The beach, whether it’s on a river or one of the superb lakes that dot the Inland Northwest, is one of the most popular places to be when temperatures climb. But there is much more fun to be had in the water than simply swimming. Think outside the beach buoys and discover some fantastic water adventures to diversify your summer.
Stand Up Paddleboarding
Whether you have your own board or rent one from a local shop, paddle boarding is one of the quietest and most enjoyable ways to explore our waterways. Many people paddle out on the lakes, because you don’t have to deal with a current when you’re heading back to shore. If you decide to paddle a river, consider starting upstream first, or park a second vehicle at your landing spot. Otherwise, you’ll discover just how much stamina you do have at the end of the day with the water working against you. For a unique urban river paddling experience, rent a board from Fun Unlimited right downtown Spokane along the Centennial Trail. The new board and boat launch facility provides access to an incredibly scenic and lake-like stretch of the Spokane River just upstream from Riverfront Park.
Rafting and Floating
Our rivers and streams have a wealth of adventure hiding in their waters, from rafting and kayaking to tubing. Try a mellow DIY float on more tame stretches of the Spokane, Coeur d’Alene, or Blackfoot Rivers, or hire a guide to take you down a wilder stretch of river. Several local outfitters offer guided trips in Idaho, Washington, and Montana.
This is certainly not a quiet sport, but it is highly enjoyable if you are looking for a natural thrill. There aren’t any local ordinances against cliff jumping in the area, but there are usually restrictions on installing ropes and rope swings on bluffs, and some cliffs are on private property and should be avoided. If you decide to jump, always put safety first. Never jump in an area where the water is shallow, and don’t jump alone. Know where you are going to get out of the water, and have a board, life jacket, or other floating device readily available.
Here are a few places that have moderately elevated rock faces where you can jump into the water: Loon Lake, Long Lake, Tubbs Hill in Coeur d’Alene, and Green Bay Campground on Lake Pend Oreille. Locals may also recommend a few spots, if they’re willing to give up their secret spots.
Somewhere in between swimming and scuba diving, snorkeling is an inexpensive way to explore shallow waters, like beaches, streams, bays, and docks. Aside from the stuff that people tend to just drop into the water, you might catch sight of some of the fascinating aquatic life that lives in our waterways.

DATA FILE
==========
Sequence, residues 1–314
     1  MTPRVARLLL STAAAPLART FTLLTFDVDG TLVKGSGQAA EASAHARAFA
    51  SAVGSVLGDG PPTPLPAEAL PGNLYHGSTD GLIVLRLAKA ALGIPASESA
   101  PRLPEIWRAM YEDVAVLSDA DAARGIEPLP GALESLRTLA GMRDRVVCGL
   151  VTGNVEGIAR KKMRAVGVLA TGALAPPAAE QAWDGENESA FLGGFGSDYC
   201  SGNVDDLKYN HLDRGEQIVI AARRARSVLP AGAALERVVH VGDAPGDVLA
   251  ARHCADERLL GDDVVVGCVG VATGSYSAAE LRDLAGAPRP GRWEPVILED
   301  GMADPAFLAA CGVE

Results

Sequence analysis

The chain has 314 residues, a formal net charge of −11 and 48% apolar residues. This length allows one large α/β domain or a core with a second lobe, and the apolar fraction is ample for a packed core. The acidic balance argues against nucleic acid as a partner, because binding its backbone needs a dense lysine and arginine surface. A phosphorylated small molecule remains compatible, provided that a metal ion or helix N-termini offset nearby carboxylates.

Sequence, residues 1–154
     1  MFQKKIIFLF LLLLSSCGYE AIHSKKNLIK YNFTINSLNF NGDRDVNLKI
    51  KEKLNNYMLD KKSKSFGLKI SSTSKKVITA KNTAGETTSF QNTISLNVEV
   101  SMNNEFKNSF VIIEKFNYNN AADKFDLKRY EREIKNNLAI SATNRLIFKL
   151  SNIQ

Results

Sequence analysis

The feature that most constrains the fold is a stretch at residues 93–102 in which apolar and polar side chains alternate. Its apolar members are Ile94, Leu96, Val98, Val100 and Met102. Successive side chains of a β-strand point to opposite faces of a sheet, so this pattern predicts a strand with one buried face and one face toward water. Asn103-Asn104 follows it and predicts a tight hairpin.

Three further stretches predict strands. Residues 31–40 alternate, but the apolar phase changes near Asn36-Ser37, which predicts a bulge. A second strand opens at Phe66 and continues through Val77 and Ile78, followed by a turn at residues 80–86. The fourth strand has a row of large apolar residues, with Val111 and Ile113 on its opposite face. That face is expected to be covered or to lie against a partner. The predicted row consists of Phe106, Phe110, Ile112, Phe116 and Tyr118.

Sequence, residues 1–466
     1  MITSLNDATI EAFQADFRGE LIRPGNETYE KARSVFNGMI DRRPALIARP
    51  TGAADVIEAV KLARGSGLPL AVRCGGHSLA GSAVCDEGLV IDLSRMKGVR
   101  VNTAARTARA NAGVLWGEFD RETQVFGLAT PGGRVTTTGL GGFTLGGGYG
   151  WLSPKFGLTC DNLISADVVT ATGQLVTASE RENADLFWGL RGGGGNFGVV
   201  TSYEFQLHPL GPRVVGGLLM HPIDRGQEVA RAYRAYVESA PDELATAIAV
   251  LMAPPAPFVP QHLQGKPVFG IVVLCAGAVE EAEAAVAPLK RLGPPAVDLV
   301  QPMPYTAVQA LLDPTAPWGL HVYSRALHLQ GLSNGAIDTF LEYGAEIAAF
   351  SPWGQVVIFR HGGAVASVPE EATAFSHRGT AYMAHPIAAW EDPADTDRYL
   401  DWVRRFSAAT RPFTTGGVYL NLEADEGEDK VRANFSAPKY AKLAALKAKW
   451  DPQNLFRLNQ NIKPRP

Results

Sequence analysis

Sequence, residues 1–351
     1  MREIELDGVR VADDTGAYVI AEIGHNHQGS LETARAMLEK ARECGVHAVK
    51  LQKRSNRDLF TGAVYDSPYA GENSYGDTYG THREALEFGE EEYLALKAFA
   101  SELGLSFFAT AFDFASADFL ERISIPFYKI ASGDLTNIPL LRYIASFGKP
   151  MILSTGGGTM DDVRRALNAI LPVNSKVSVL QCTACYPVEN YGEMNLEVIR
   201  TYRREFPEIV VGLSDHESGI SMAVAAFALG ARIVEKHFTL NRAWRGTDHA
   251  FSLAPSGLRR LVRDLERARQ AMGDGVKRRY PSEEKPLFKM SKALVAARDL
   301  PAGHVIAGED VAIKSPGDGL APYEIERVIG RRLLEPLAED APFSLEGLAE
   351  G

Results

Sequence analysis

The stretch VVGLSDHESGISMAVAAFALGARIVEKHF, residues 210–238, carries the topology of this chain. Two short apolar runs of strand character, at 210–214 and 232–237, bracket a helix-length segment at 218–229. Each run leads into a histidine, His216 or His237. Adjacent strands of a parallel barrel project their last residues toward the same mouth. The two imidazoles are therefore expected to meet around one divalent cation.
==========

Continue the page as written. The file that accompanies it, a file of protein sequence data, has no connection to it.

Scuba diving is a captivating pastime that requires awareness, training, and certification. According to Jake Powlison of Jake’s Scuba Adventures in Coeur d’Alene, scuba diving is a healthy hobby. “It lets us get away from the world as we know it and gets us down into the depths of our own world and environment.”
Jake’s Scuba Adventures is one of several dive shops in Spokane and North Idaho that offer scuba diving instruction, certification, and diving opportunities. Diving in open waters is no small matter, and joining a group dive not only increases safety, but is also a great way to meet new people who are into the sport.
Diving to shipwrecks and other ruins in Lake Coeur d’Alene and Lake Pend Oreille is a popular diving activity. After Lake Coeur d’Alene’s steamship era ended, many of the old boats were stripped, used to launch fireworks, and then sunk. The lake is a veritable steamboat graveyard. Lake Pend Oreille has a wider variety of wrecks and rubble on its bottom, some of which are legendary. Many sites are inaccessible because of the lakes extreme depth in places. YouTube has an abundance of videos of shipwreck dives in North Idaho, but one of the best resources for diving information is the Inland Northwest Divers organization. You can find videos, discussion, and contact info on the group’s Facebook page.
Whatever water recreation you decide to pursue this summer, do it safely and have fun! //
Michal Bennett wrote about advocates Art Manley and Scott Reed in the April issue. Read more of her writing at www.shortandtasty.blogspot.com.